Mauritius Agriculture and Fishing Overview

Mauritius Facts

Mauritius is an island nation in the Indian Ocean 900 kilometers east of Madagascar. Mauritius is known for its white sandy beaches, clear waters and beautiful nature.
Capital: Port Louis
Official language: English
Currency: Mauritian rupee
Passport and visa: No visa required. The passport must be valid for at least 6 months after the trip.
Time difference to Finland: +2 and summer time +1
Mauritius has a tropical, maritime climate. Temperature and humidity are high all year round. Rainfall is highest from December to April. Tropical cyclones may strike the islands during the rainy season.


The importance of agriculture to Mauritius’ economy has declined sharply since the 1970s. Sugarcane is the most important crop and sugar accounts for about a tenth of the country’s total export revenue, despite high production costs and falling sugar prices. Fishing has become an increasingly important source of income.

  • CountryAAH: Comprehensive import regulations of Mauritius. Covers import prohibitions and special documentation requirements for a list of prohibited items.

Traditionally, agriculture was the backbone of the Mauritanian economy, and sugar production dominated largely. However, agriculture’s contribution to the gross domestic product (GDP) decreased from 20 percent in 1970 to 4 percent in 2013. However, over 90 percent of the agricultural land is used for sugarcane cultivation. For Mauritius defense and foreign policy, please check prozipcodes.

Just over half of the land is cultivated by a few plantation owners and the rest of about 28,000 smallholder farmers who either own or lease their land. The latter have often joined forces in cooperatives. In total, the sugar industry employs around 18,000 people, which corresponds to almost a third of agricultural employees.

The EU’s decision to reduce sugar subsidies for EU countries from 2006 and some of their former colonies hit Mauritius hard. The EU sugar price, which was significantly above the world market price, was reduced by a total of 36 percent between 2006 and 2010. Tens of thousands of employees, many of whom were seasonal workers, lost their jobs in the sugar industry. Six large plantations went bankrupt. In compensation, the EU gave Mauritius and 17 other countries a total of € 40 million to share. For Mauritius, that money was not enough for the upgrades needed to make the sugar industry competitive again. Since 2006, more and more of the industry has been focused on producing ethanol and baggage (for electricity). A large part of the production is refined on the island.

Otherwise, tea and tobacco crops dominate. The lack of agricultural and pasture land means that large quantities of food, such as beef and dairy products, must be imported. In recent years, however, the country has become largely self-sufficient on potatoes, vegetables, pork, eggs and poultry. Vegetable production increased since the start of growing vegetables together with sugar cane.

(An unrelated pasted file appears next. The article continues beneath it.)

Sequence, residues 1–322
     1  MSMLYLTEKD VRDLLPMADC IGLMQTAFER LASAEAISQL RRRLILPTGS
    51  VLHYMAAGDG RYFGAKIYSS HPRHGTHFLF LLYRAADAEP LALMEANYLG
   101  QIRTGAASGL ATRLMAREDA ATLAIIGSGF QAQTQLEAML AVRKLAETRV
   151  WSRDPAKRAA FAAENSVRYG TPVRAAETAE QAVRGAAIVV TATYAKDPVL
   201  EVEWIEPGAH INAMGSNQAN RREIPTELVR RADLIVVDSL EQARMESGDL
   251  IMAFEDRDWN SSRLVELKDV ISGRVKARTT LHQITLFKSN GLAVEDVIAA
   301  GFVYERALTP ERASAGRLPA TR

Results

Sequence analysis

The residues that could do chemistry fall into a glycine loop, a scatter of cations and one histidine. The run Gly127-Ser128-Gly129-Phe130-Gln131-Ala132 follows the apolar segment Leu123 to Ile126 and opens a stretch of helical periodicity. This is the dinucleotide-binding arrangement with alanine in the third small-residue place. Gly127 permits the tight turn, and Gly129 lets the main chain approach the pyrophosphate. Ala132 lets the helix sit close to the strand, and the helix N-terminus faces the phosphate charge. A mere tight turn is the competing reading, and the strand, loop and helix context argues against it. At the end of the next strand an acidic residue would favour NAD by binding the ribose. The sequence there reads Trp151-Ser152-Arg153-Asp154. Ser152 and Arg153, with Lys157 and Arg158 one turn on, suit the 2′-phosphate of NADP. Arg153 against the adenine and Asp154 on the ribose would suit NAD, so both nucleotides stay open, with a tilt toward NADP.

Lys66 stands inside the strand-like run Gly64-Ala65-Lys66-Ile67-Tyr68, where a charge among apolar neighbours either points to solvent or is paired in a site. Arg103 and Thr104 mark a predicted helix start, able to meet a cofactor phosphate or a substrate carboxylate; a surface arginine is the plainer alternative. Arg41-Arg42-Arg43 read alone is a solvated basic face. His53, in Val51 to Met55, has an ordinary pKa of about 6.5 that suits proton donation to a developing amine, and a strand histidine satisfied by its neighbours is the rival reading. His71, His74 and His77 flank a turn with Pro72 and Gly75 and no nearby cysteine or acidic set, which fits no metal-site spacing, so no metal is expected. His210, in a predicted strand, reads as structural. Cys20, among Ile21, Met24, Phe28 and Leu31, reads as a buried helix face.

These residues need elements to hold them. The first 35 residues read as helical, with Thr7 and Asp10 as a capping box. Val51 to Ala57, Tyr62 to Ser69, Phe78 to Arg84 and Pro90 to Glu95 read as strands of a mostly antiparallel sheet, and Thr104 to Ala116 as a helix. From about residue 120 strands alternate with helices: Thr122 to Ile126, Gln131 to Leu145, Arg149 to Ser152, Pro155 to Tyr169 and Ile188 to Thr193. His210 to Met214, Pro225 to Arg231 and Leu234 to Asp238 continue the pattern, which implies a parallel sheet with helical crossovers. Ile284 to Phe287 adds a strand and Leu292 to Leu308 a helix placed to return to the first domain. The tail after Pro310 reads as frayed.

Mauritius has a large zone of fish-rich water. Fishing has become an increasingly important industry and has a central role in the government’s efforts to broaden the economy. In 2011, fish exports accounted for 15 percent of the country’s total export income. The United Nations Food Agency FAO has predicted that Mauritius fish production will triple in 2000-2025. In 2006, the country joined the FAO Regional Fisheries Commission for the Southwest Indian Ocean (SWIOFC). The Commission, whose mission is to promote sustainable fishing, is assisting Mauritius in maintaining its fishing fleet. The EU has purchased a license with the right to catch a certain quota of fish in Mauritanian waters.


Agriculture’s share of GDP

2.8 percent (2018)

Percentage of land used for agriculture

42.4 percent (2016)

  • Offers how the 3-letter acronym of MUS stands for the state of Mauritius in geography.



Jugnauth becomes prime minister again

Anerood Jugnauth from MSM is appointed by the National Assembly as Prime Minister for a new government with Ministers from the Folkalliance. Jugnauth has previously been Prime Minister in two rounds (1982–1995 and 2000–2003) and President (2003–2014) and is one of Mauritius ’most dominant politicians.

Victory for the Folk Alliance in parliamentary elections

The December 10 parliamentary election results in a clear victory for the opposition Folk Alliance, which consists of MSM and PMSD. It receives 51 of the 69 seats. The alliance between MLP and MMM wins 16 seats, while the Rodrigue People Organization gets 2 seats. At the same time, a referendum is being held that will lead voters to refuse to give the president greater powers of power through constitutional amendments. The turnout is 74 percent.


Parliament is dissolved

President Purryag dissolves Parliament before the elections in accordance with the Constitution.


The finance minister resigns in protest

Xavier-Luc Duval, finance minister and leader of the PMSD, resigns shortly afterwards in protest of a reform proposal that would imply that the mandate is distributed proportionately in elections. According to Duval, the changes will mainly benefit MLP.

Party cooperation before parliamentary elections

The ruling MLP announces that it will run for parliamentary elections later in the year together with MMM.


Trial in corruption case

A lawsuit against MSM leader Pravind Jugnauth begins. He is charged with conflicts of interest in connection with the corruption deal regarding the government’s purchase of a health care clinic.

Mauritius Agriculture and Fishing